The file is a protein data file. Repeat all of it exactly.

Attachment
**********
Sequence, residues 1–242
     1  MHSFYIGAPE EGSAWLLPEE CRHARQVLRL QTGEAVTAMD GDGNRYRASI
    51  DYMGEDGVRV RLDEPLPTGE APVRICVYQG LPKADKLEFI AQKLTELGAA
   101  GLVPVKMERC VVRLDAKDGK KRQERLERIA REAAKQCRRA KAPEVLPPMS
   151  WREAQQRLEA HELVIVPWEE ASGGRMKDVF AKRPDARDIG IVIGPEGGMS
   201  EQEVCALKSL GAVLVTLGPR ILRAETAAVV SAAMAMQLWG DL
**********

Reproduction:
Sequence, residues 1–242
     1  MHSFYIGAPE EGSAWLLPEE CRHARQVLRL QTGEAVTAMD GDGNRYRASI
    51  DYMGEDGVRV RLDEPLPTGE APVRICVYQG LPKADKLEFI AQKLTELGAA
   101  GLVPVKMERC VVRLDAKDGK KRQERLERIA REAAKQCRRA KAPEVLPPMS
   151  WREAQQRLEA HELVIVPWEE ASGGRMKDVF AKRPDARDIG IVIGPEGGMS
   201  EQEVCALKSL GAVLVTLGPR ILRAETAAVV SAAMAMQLWG DL